**[0026]**There exists a class of nonlinear estimation problems that cannot be solved with a real-time EKF alone because all tracking data precedes the real-time EKF state epoch, and tracking data following the real-time EKF state epoch are not available. An example is provided by the problem of estimating the velocity change due to an impulsive maneuver at the time of maneuver impulse. The most accurate state estimate must use tracking data both before and after the time of maneuver impulse. This is enabled with VLS. A second example is provided by the optimal simultaneous estimation of orbit and atmospheric density with a sequential estimator where use is made of tracking data before the state epoch and tracking data after the state epoch. This is enabled with VLS. A third example is provided by the optimal GPS orbit determination and time-transfer problem using GPS pseudo-range measurements and GPS carrier-phase measurements, where carrier-phase range-biases must be estimated at fixed epochs. This is enabled with VLS. These examples demonstrate the need for VLS.

**[0027]**As previously discussed, using an EKF that runs forward with time followed by an extended FIS that runs backward with time does not provide near-real-time estimation because all measurements of interest across the fixed-interval must be completely filtered and smoothed before an FIS state estimate is available for use. What would useful is a Class estimator that runs forward with time, provides near-real-time throughput, improves estimation accuracy significantly relative to the EKF due to smoothing, and can process time-variable lags.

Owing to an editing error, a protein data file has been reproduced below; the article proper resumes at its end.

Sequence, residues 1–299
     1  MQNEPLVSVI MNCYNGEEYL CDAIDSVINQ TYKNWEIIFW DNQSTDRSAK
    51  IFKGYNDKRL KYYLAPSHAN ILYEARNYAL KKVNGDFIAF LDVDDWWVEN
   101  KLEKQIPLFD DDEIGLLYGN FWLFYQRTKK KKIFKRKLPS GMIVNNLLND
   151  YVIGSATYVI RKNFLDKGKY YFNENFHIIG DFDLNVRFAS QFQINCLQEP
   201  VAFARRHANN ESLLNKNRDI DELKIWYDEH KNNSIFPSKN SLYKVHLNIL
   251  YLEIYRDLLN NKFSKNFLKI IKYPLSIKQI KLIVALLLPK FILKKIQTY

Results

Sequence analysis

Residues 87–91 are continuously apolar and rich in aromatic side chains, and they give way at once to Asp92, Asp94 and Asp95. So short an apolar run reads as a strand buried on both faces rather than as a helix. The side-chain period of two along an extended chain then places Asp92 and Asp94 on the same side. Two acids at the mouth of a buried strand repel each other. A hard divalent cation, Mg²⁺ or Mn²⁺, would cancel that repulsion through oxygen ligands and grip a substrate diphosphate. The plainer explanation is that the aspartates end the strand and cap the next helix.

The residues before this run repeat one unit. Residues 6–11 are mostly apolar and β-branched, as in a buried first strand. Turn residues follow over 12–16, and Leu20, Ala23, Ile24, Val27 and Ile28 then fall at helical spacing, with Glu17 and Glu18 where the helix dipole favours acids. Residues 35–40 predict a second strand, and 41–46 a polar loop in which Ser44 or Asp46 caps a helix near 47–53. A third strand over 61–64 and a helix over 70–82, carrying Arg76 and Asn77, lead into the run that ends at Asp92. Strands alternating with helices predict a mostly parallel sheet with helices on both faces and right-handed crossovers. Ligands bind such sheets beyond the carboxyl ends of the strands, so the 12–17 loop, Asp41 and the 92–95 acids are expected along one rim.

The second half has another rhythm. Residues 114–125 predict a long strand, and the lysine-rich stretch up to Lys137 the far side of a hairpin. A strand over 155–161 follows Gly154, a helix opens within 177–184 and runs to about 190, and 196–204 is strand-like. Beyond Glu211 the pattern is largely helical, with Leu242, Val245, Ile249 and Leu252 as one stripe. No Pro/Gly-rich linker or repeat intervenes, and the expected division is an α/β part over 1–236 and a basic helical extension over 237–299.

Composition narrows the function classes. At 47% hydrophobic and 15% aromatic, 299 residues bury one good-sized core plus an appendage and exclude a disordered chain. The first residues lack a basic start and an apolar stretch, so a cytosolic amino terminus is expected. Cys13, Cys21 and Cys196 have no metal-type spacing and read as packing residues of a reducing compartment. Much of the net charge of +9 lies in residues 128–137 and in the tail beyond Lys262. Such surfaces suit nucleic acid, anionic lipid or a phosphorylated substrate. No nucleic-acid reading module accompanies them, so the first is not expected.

**[0028]**One approach to achieving a near-real-time nonlinear estimator with improved accuracy is to extend Class A filter-smoothers to Class filter-smoothers. Table 1 identifies five known linear estimators that are candidates for extension to non-linear estimators. These estimators have properties summarized in Table 2.

**TABLE**-US-00001 TABLE 1 CLASS A LINEAR SEQUENTIAL ESTIMATORS Class A (Linear Estimator) Acronym Kalman Filter KF Fixed Interval Smoother FIS Fixed Epoch Smoother/Carlton-Rauch FES/CR Fixed Epoch Smoother/Frazer FES/F Fixed Lag Smoother FLS

**TABLE**-US-00002 TABLE 2 AVAILBLE PROPERTIES OF LINEAR ESTIMATORS Class A (Linear Estimator) KF FIS FES/CR FES/F FLS Initial user terminal KF at FE KF at FE after Conditions KF KF-FIS Time forward backward forward forward forward Direction Throughput real-time after near-real- near-real- near-real- KF-FIS time time time Matrix 0 1 1 0 3 Inverses Extension φ yes yes no no no Extension Φ yes yes yes yes yes